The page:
Dataset properties in the mobile geodatabase can be accessed in both the Contents and Catalog panes in ArcGIS Pro. The Feature Class Properties dialog box is used to set the alias and the spatial and attribute indexes and is managed in the Catalog pane.

To open the Feature Class Properties dialog box, right-click a table or feature class in the Catalog pane or a Catalog view and click Properties. On the Properties dialog box, some properties are editable, while others are read-only.

Feature class properties in a mobile geodatabase

Data management

There are only a few management tasks you perform on mobile geodatabases, including creating, renaming, and moving the geodatabase. Mobile geodatabases do not include authentication or authorization capabilities, are intended for use by one person or app at a time, and support undo and redo when editing. Any operations at the geodatabase level should be performed solely through ArcGIS. See Mobile geodatabases and locking processes for more information about how locks are applied while editing in a mobile geodatabase.

A mobile geodatabase (.geodatabase) is built on top of SQLite. SQLite is a self-contained database file format that stores the database in a single file on disk that can be located anywhere in the directory. This single file can contain up to 2 TB of data, is portable, and is supported across platforms.

SQLite database files have two names:

  • The physical file name, which is the path to the database file name.
  • The logical name, which is the SQLite database name used with SQL commands and is called main, regardless of the database file name.
Table properties in a mobile geodatabase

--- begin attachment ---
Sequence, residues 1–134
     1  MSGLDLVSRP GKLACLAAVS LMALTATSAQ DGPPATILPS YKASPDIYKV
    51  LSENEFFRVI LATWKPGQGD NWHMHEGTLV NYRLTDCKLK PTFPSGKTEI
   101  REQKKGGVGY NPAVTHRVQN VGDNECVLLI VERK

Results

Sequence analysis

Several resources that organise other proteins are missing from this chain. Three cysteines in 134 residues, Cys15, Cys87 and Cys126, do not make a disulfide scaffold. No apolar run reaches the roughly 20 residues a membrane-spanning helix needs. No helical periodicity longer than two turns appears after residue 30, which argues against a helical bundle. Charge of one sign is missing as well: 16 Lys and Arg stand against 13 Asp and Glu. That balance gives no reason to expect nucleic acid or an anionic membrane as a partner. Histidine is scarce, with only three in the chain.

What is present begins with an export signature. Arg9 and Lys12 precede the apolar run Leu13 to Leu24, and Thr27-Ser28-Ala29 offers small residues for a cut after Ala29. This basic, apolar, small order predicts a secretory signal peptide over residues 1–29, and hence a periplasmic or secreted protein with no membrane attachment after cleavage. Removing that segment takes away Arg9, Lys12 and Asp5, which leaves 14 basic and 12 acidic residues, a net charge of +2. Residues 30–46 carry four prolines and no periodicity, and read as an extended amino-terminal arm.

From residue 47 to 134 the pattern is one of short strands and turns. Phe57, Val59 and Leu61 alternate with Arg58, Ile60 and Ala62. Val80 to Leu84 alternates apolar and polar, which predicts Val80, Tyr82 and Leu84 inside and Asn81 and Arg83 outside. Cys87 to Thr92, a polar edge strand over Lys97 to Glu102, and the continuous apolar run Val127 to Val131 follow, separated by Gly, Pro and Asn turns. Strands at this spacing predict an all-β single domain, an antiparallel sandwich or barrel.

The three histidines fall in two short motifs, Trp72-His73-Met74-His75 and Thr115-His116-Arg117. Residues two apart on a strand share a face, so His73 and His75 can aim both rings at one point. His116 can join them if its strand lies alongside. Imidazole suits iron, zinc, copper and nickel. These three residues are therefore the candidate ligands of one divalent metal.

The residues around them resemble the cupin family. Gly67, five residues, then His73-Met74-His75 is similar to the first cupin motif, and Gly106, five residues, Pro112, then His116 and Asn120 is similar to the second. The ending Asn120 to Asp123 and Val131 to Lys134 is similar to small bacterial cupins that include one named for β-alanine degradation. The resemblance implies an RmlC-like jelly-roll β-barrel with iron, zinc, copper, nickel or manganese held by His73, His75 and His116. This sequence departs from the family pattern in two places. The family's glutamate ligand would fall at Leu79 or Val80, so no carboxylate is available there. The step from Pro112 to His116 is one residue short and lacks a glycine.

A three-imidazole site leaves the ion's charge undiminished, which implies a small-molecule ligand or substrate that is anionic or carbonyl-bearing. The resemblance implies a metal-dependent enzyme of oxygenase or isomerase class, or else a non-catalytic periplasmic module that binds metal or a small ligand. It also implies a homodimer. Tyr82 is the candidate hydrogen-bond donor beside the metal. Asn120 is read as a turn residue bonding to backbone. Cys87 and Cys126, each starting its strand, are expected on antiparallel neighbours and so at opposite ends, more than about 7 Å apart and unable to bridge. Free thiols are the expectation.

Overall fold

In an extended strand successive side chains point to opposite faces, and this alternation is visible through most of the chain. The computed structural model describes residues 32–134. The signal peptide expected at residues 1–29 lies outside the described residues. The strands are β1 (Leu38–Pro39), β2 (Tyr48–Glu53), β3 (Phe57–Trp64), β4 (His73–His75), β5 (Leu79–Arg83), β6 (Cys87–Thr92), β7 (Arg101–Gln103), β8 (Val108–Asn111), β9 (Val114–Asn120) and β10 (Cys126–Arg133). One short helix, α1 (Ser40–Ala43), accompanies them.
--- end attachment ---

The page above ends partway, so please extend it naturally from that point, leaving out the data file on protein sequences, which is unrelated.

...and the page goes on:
An SQLite database path consists of the file path, database name, and file extension.

For example, if you use the Create Mobile Geodatabase geoprocessing tool to create a mobile geodatabase named Project1_data that is stored in subfolders on the C: drive of a Microsoft Windows operating system, the database path of this mobile geodatabase will look similar to the following: C:\GIS_Data\Projects\Mobile_Geodatabase\Project1_data.geodatabase.

Because SQLite is a relational database, you can use SQL in third-party software to access the contents of a mobile geodatabase. An SQLite database that is accessed using SQL uses a logical database name. When using SQL to access an SQLite database, the database named main is reserved for the primary database and is used regardless of the physical database file name. A qualified table name in SQLite will be main.<table name>, and a qualified column name in SQLite will be in the format <table name>.<column name> or <database name>.<table_name>.<column name>.

For example, if you're using SQL to get data from the Tax_Value and Owner_Name columns of the ParcelOwners table, use the following statement: SELECT Main.ParcelOwners.Owner_Name, Main.ParcelOwners.Tax_Value FROM Main.ParcelOwners.

Accessing the data in a mobile geodatabase through SQL does not require a license because the underlying software—SQLite—does not require a license.